The House Ways and Means Committee on February 10 and 11 advanced legislation to implement budget reconciliation instructions regarding COVID-19 relief. The budget resolution passed by Congress last week included reconciliation instructions for 12 House committees to draft legislation to implement President Joe Biden’s proposed $1.9 trillion COVID-19 relief plan. The Ways and Means legislation, which is estimated by the Joint Committee on Taxation staff (JCT) to increase the deficit by $593 billion over 10 years (the Congressional Budget Office (CBO) has not yet released its estimate), will be combined with legislation from the other House committees into a single budget reconciliation bill that will be considered by the House.
The action by the Ways and Means Committee is a significant step in advancing COVID-19 relief under the reconciliation process, which requires only a simple majority vote for passage. President Biden has proposed a two-part COVID and economic recovery package consisting of the $1.9 trillion emergency COVID relief package (the American Rescue Plan) plus an economic recovery plan (the Build Back Better Recovery Plan) that he is expected to outline this month. Congress later this year could use another budget reconciliation bill to act on the second part of President Biden’s package.
Action item: The swift action taken by the Ways and Means and other House committees indicates that the reconciliation process is on a fast track and thus far is progressing smoothly. Companies should evaluate how provisions in the bill -- including modifications to the employee retention tax credit and repeal of the worldwide interest expense allocation election -- would impact their business. In addition, taxpayers should note that the potential success of Congressional Democrats in passing the COVID relief bill using the reconciliation process increases the likelihood that a second reconciliation bill could be used this year to advance an economic recovery plan that may include significant tax proposals, including a variety of corporate, investment, and individual tax increases.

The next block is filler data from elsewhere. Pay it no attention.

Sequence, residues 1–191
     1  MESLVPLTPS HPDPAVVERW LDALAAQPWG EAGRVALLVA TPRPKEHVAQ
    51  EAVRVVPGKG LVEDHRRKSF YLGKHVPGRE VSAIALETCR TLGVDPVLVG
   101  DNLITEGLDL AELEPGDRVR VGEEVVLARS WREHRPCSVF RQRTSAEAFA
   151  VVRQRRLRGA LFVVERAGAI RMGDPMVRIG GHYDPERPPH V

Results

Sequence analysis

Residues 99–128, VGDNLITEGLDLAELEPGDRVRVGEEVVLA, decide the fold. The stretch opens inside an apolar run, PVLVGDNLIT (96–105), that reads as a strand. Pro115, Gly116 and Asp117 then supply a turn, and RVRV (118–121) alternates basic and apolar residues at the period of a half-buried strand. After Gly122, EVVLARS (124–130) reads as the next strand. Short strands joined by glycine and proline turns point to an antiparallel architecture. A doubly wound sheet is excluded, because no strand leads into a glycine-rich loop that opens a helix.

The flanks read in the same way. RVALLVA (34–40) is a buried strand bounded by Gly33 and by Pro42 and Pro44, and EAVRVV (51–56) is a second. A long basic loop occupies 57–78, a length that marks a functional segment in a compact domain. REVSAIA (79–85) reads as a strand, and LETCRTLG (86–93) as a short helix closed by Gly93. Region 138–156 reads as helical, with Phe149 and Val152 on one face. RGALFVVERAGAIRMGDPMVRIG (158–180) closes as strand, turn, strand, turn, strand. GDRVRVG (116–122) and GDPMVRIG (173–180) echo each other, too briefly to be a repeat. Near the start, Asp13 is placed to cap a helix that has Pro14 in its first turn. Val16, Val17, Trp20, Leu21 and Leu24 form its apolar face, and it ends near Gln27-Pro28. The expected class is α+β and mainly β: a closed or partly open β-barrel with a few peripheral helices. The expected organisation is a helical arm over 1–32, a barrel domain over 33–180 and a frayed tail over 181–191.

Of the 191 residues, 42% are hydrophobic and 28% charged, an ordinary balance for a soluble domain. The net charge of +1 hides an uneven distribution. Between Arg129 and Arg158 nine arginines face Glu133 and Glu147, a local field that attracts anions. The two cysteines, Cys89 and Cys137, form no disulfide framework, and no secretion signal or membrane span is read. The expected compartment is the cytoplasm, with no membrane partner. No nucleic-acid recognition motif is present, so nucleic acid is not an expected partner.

The swift action by the Ways and Means Committee this week is a significant step in advancing COVID-19 relief under the reconciliation process, which requires only a simple majority vote for passage. With a fiscal year 2021 reconciliation bill positioned to be considered by the House as soon as the week of February 22, taxpayers should be preparing not only for changes in that bill, but for potential legislation with tax increases that could be included in a fiscal year 2022 reconciliation bill later this year.
The second reconciliation bill could propose increases in tax rates for corporations and high-income individuals, international tax law changes, and other revenue-raising measures. With potential tax-increasing legislation one step closer to consideration, taxpayers should model and plan for proposed changes and engage with policymakers now to communicate their potential impact on jobs and business operations.